A World Series ring is a pretty rare piece of jewelry.
A Red Sox World Series ring, considering the club's eight titles, is even rarer.
So, losing a Red Sox World Series ring would undoubtedly sting.
But how would you feel if you lost it on enemy turf?
That nightmare became a reality for Red Sox minor league club owner Drew Weber.
In what he says was the first time ever wearing the ring outside, Weber lost it - on the streets of New York, where Yankee fans seldom go out of their way for anything Sox-related.
"I went looking around my apartment and started having palpitations. Sweat was pouring off my forehead," Weber said.
"I'm looking at my finger and it's not there."
And it gets worse.
The man who scooped it up?
Hardcore, lifelong Yankees fan Luigi Militello.
Militello could have had a field day.
He had every intention of returning the ring but, he figured, why not capitalize on the long-standing baseball rivalry?
"But this being Yankees-Red Sox, I started razzing him. I told him he wasn't getting it so easily. I was playing with him, a lot," Militello said.
After a long negotiation (that involved the proposal of a bunch of humiliating acts), Militello agreed to give back the ring.
In turn, Weber made a generous donation to Militello's charity of choice, a Hurricane Sandy relief fund.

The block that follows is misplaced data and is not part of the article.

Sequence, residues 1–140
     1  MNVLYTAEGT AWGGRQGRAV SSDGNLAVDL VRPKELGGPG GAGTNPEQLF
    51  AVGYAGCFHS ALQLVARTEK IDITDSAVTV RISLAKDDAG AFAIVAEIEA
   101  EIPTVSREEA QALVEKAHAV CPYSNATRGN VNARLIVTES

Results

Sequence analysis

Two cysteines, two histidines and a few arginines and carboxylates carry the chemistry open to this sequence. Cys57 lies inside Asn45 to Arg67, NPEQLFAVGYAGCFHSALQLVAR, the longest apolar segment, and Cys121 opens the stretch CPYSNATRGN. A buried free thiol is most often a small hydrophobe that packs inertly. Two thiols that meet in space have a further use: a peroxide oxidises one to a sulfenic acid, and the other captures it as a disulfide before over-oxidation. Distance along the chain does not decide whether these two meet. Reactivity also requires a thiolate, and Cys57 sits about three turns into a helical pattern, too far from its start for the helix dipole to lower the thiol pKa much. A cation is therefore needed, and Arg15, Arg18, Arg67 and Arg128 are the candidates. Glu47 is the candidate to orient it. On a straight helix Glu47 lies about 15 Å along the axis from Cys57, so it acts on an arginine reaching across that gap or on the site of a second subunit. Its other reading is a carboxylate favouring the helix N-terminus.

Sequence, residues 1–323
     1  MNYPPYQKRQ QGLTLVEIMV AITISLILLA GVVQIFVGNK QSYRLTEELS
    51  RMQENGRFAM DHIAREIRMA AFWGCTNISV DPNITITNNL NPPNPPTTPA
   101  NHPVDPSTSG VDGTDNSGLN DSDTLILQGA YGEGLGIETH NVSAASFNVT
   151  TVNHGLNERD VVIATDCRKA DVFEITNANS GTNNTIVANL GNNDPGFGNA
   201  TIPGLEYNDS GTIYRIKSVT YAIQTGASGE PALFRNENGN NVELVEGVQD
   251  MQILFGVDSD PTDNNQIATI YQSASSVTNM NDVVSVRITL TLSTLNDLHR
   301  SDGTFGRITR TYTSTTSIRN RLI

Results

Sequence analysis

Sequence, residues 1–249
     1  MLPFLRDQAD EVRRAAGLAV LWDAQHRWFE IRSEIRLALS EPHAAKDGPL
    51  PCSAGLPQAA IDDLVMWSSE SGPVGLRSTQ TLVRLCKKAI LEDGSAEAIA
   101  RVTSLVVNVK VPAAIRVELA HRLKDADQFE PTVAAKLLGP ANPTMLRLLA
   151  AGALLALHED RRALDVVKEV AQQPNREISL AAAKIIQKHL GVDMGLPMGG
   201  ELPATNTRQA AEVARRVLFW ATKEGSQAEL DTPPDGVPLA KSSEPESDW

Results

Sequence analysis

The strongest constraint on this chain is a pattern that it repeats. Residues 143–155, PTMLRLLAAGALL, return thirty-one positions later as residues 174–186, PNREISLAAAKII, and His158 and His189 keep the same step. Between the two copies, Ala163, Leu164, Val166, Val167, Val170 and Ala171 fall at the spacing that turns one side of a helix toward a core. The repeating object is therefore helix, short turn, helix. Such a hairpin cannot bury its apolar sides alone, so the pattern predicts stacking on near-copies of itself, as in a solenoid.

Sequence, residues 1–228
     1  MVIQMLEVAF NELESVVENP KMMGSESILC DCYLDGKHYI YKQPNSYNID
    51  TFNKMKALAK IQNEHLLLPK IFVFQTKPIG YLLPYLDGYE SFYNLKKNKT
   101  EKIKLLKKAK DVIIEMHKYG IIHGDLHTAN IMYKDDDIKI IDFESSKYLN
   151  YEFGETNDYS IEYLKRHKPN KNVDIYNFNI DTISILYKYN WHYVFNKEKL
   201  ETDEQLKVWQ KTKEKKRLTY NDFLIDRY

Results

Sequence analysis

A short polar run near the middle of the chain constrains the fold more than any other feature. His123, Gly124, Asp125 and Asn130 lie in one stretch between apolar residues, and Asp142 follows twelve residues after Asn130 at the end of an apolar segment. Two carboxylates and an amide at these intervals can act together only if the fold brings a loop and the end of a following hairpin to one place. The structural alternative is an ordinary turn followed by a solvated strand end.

He will also take Militello to Fenway Park as his guest to catch Yankees' captain Derek Jeter's last regular season game, so long as he doesn't wear his Yankees jersey to the park.
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For more of Wolf Blitzer's interview with Peres, tune into "Wolf" at 1 PM ET and "The Situation Room" at 5 PM ET.
Former Israeli President Shimon Peres left office only a week ago, yet it's already clear that his influence in the Israeli public sphere - and perhaps beyond - will remain significant.
He spoke with Wolf Blitzer on Thursday about the current conflict in Gaza, and how to go about finding a lasting peace between Israelis and Palestinians.
"I cannot see a cease-fire with rockets and with tunnels," Peres said. "Only a cease-fire without rockets and without tunnels."
Peres does not view Hamas as the legitimate political rulers of Gaza, referencing Hamas' coup of the territory in 2007.
He believes Gaza should be controlled by the Palestinian Authority, the ruling entity of the West Bank, and its president, Mahmoud Abbas.
"I don't think that two countries can bring peace," Peres said of a divided West Bank and Gaza. "Two countries will continue war."
Peres regards Abbas, or Abu Mazen, as he is known to Palestinians, as an essential figure in achieving Israel-Palestinian peace.
"He got the courage, more than any other Arab leader, to stand up and say, 'I'm against terror. I'm against kidnapping ... I'm for peace,'" Peres said.
The Middle East crisis only gets bloodier. Health officials assess the global threat of Ebola. And Republicans in the House move ahead with their lawsuit against the President.
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